<i>Mitchell Steven Williams, former relief pitcher in Major League Baseball. Photo: phillymads63 via Wikimedia Commons</i> Mitchell Steven Williams, former relief pitcher in Major League Baseball. Photo: phillymads63 via Wikimedia Commons

The Appellate Division’s unpublished opinion in Williams v The MLB Network provides a lesson in the scope of the Conscientious Employee Protection Act (CEPA) and the extent to which employers may control the conduct of employees outside of the workplace.

The case arose out of alleged conduct by former professional major league pitcher Mitch “the Wild Thing” Williams, including the use of profanity, while coaching his son’s tournament baseball game. As a result of the media reports relating to Williams’ conduct leading to his ejection from the game and his reaction to the ejection, MLB Network sought a modification of his employment agreement which, among other things, would have required Williams not to attend youth sporting events and not to use social media without network approval of the contents. Williams refused, and he was terminated for alleged violation of the “morals clause” of his existing contract.

Williams sued, including claims for breach of his employment contract and violation of CEPA. The CEPA claim was dismissed on the ground that he could not have reasonably believed that the conditions of the modification violated law. However the jury found that he did not violate the “morals clause” of the contract and awarded him $1,565,333.34 in stipulated damages. The Appellate Division affirmed.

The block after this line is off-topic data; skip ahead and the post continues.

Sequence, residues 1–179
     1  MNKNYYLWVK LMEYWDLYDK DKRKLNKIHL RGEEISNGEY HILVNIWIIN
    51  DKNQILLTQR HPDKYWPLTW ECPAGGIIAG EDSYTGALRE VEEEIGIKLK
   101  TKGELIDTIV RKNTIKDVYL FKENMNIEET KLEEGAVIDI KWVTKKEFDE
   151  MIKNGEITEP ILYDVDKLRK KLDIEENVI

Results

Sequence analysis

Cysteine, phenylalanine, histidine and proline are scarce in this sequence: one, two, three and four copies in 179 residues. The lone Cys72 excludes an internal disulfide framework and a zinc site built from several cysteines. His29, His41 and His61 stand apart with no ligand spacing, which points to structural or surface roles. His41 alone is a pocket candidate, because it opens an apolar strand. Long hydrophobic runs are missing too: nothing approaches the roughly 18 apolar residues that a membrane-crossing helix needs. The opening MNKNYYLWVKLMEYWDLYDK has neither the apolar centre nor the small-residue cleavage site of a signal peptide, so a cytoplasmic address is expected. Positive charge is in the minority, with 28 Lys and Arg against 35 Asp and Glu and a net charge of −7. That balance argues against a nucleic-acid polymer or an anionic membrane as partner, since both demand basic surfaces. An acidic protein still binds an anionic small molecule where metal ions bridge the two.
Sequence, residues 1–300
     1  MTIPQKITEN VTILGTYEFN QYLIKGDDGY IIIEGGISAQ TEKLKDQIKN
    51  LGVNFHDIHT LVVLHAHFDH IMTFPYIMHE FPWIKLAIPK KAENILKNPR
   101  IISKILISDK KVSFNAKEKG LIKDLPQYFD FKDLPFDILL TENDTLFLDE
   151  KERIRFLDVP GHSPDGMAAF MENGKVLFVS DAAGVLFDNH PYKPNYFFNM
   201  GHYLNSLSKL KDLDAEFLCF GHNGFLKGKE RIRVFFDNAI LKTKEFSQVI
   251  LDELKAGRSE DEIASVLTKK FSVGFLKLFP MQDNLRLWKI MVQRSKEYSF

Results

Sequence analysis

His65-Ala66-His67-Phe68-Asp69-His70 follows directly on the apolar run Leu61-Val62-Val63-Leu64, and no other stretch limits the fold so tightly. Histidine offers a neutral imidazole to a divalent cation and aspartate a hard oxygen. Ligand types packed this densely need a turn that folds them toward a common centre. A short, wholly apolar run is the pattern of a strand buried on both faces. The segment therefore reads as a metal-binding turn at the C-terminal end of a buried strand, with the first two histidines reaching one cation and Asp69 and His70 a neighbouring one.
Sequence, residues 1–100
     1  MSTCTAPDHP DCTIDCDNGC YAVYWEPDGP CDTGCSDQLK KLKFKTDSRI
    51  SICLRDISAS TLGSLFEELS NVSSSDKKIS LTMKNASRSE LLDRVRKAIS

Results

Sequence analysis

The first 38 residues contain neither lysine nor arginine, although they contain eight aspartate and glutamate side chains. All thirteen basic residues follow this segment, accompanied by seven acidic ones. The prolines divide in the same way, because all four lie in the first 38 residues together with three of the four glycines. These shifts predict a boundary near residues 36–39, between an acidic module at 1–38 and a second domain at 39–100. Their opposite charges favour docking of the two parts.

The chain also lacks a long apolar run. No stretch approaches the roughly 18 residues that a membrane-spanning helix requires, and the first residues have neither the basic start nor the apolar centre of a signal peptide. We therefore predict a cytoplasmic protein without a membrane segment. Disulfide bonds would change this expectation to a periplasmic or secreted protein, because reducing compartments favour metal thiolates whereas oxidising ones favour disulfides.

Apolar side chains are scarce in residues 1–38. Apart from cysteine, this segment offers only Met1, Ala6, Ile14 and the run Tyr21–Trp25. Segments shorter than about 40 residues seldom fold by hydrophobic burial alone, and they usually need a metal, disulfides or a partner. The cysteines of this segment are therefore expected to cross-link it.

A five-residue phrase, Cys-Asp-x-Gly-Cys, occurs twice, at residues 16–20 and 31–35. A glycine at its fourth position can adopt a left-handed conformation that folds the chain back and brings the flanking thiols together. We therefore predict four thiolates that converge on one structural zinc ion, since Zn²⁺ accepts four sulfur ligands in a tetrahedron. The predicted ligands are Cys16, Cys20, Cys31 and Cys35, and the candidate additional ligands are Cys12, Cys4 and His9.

Dismissal of the CEPA claim was found appropriate because the clause did not violate any law or public policy. The court held that the contract revision would not have infringed on his right to act as “primary caretaker” for his children. The discharge, following his decision not to sign the contract modification, related to his behavior at the tournament, not the desire to coach his son’s team or attend his games. Williams also claimed that the proposed restriction on use of social media infringed on his constitutional “right to autonomous self-expression,” and right of privacy, but the court held those rights did not preclude contractual provisions which prohibit or regulate conduct which “conflicts with the employer’s legitimate interests.”

It appears that the network lacked proof of conduct sufficient to discharge Williams, but that morality clauses in employment contracts are justified, at least when public figure employees, who should set a “good example” to the general public, are involved; and that media reports about undignified conduct can justify employers’ endeavors to place limitations on the conduct of at least public figure employees as a condition of continued employment.

We believe that it is generally inappropriate for employers to control, or be able to discipline, an employee for non-criminal conduct outside the workplace. And we are not sure the scope of law permitting morality clauses in contracts or when specific limitations can be placed in an employment contract. And public policy on the subject is debatable. Nevertheless, we support the view that endeavors should be made to permit discipline, including economic penalties and termination, in the workplace when public figures, like athletes who should serve as role models in our society, conduct themselves in a way which can fairly be said to promote inappropriate or unlawful behavior.